Seems that the notion of a universal basic income has gained traction since I last blogged on it. Or perhaps it’s regained traction, since it’s had moments in the spotlight dating back to the Nixon administration.
Two books, I think, account for this. One is by Andy Stern, the former president of the Service Employees International Union. The other, by Charles Murray, isn’t brand new, but rather a second version of his 2006 book.
Stern tees up a UBI because, he says, the growing uses of technology will create more low-wage jobs — and fewer jobs altogether — regardless of our traditional policy solutions, e.g., investments in infrastructure, minimum wage increases.
Murray also cites the impending replacement of human workers by robots and the like. But that’s not the real reason he argues for a UBI.
He comes at his proposal from the far right, just as Stern comes at his from the left. He’s indebted to conservative economist Milton Friedman, whose negative income tax bears some resemblance to his UBI.
But he’s also a surprising heir apparent of the traditionally liberal architect of Nixon’s Family Assistance Plan — an early stab at ending welfare as we knew it. And of liberals whose labels need no qualification — Martin Luther King, Jr., for example.
He’s among less strange bedfellows at the right-leaning American Enterprise Institute, which has him on the payroll and published his book. Helped him promote it too by hosting a dialogue between him and Jared Bernstein, who’s in a relatively comparable position at the left-leaning Center on Budget and Policy Priorities.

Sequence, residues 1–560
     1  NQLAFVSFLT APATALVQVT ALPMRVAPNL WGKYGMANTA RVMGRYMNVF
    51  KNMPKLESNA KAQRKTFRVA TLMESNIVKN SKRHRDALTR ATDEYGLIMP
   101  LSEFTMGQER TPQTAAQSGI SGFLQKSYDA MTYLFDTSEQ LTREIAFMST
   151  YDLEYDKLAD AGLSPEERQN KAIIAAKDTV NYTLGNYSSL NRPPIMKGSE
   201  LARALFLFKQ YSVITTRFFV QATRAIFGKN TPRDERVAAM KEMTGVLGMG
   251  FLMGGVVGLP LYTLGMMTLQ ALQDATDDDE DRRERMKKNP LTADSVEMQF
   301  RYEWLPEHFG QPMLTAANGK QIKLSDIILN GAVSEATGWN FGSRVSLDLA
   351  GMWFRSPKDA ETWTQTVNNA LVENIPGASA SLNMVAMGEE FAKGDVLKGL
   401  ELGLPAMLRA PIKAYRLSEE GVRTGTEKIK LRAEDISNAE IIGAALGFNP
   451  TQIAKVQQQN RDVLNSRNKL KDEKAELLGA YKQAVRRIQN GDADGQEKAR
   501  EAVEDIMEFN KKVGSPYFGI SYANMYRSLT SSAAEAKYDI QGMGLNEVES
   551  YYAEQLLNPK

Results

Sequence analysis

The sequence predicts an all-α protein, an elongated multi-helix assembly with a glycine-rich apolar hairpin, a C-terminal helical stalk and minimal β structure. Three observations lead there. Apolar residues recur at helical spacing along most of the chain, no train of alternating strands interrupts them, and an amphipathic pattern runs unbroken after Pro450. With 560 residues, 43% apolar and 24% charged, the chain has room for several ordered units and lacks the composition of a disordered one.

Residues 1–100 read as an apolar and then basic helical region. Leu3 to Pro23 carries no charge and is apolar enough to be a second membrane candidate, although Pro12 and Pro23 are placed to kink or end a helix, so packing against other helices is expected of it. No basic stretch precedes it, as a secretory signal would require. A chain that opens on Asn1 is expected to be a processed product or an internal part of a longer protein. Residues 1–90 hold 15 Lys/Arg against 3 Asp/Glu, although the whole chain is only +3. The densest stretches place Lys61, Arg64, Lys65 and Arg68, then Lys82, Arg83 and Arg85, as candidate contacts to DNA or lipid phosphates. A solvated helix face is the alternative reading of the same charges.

That’s what got me started on this post, though I’ve thought of returning to the UBI for some time. So here’s the pared-down final draft, focused solely on Murray — what he advocates, why and why we who advocate for low-income people should care.
Murray would have the federal government give every adult citizen $13,000 a year. Nothing, one notes, for children, though they do cost money.
Nor for immigrants who aren’t citizens, but live here legally, including those who qualify for major safety net benefits if they’re poor enough.
But there’d be no such benefits. Murray would blow away all so-called transfer programs, both safety net and social insurance, i.e., Social Security and Medicare.
His privileged adults would have to spend $3,000 of their UBI for health insurance — not nearly enough for a policy that kicks in before very high out-of-pocket costs. They could, of course, spend more for a better policy, if they had the money.
If they didn’t, they’d be left with $10,000 for all other expenses — $1,180 less than the current federal poverty line for a single person. Murray admits that’s not enough to live on.
He seems to think that more people would work — or work for longer hours and/or higher wages — because they’d no longer have the “disincentives” built into safety net programs, i.e., the fact that benefits phase out and ultimately end as incomes rise.
Those purported disincentives probably don’t cause the vast majority of poor and near-poor people to remain so when they could instead earn enough to support themselves and their families.